Turnover rises 20% to £1.66bn in an ‘excellent’ year for Laing O’Rourke, which aims to be a worldwide player

Contractor Laing O’Rourke declared itself on track to becoming a global leader after releasing impressive results for the last year.

The firm disclosed this week that its profit had jumped 122% to £70.4m for the year to 31 March. Turnover also rose 20% to £1.66bn. Finance director Dennis Johnson described the past year as “excellent” and added: “I would not say we are a company that chases turnover, but rather value. It is managed growth of the company.”

Johnson said the firm was where it wanted to be after it bought Laing’s construction arm for £1 in 2001. He said the two firms had been integrated within a year.

He said: “We are now at a level of financial operation that we set our sights and ambitions to be in terms of performance and efficiency. We are where we want to be and we believe we can sustain it.”

Johnson said the pre-tax profit announced was before bonuses for staff, which were a “substantial proportion of profits”. He said that the group’s cash position was “very good, thank you” and stood at more than last year’s figure of £105m.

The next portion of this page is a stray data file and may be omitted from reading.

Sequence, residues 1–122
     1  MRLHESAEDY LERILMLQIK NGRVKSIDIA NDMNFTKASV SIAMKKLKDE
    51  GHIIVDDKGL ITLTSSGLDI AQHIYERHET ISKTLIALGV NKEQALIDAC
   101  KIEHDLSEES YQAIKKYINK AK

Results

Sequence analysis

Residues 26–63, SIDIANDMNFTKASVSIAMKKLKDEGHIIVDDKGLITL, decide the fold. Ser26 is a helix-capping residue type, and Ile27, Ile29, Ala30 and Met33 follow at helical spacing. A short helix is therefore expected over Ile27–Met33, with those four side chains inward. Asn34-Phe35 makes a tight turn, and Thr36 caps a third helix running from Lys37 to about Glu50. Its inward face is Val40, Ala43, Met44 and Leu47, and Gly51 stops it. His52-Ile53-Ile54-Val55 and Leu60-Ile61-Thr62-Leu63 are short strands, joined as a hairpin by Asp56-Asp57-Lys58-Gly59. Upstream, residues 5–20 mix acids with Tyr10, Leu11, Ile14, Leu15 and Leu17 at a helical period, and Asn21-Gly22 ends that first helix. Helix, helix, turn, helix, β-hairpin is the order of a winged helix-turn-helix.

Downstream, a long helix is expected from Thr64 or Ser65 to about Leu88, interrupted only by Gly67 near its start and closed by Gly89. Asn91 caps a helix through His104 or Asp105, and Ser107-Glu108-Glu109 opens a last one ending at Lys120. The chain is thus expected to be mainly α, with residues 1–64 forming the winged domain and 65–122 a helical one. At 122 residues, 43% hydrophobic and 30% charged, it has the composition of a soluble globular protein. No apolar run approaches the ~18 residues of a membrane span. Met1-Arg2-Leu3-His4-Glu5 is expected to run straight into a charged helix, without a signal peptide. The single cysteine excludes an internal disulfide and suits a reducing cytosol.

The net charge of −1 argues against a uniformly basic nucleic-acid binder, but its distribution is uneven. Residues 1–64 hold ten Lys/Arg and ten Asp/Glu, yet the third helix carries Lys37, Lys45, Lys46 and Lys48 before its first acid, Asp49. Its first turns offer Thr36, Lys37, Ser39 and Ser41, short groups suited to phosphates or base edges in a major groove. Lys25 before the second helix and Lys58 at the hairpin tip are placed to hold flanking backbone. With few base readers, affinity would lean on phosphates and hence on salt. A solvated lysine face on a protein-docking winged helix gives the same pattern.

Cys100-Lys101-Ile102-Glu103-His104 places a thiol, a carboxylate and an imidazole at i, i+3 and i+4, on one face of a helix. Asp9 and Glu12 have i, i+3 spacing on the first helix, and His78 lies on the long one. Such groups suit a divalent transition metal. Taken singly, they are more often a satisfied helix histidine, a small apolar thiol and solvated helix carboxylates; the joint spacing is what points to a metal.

The firm was investing heavily in research and development and on safety, he said. “It carries a cost but it’s an essential cost. We believe we can reduce accident rates but still achieve profitability. We have to get that message across to clients.”

We are at a level of operation that we set our sights on

Dennis Johnson, finance director

Director Mark Oliver, who joined the group in February from his role as managing director of technology firm BuildOnline, said: “We want to challenge and change the construction industry. You cannot get there straight away but we are already turning people’s heads.”

Oliver said that because the firm’s service range was so wide, from main contracting to specialist contracting and products, it could increase market share anywhere.

He added that Ray O’Rourke, chairman of Laing O’Rourke, wanted to change the industry by bringing in outside expertise.

In an interview with Building this week, another recruit, Denise Kingsmill, former deputy chair of the Competition Commission, said she would consider it a success if she helped Laing O’Rourke grow into a £5bn-turnover business.

Kingsmill, who will head the group’s advisory forum, said her role would be to look at productivity and managing people.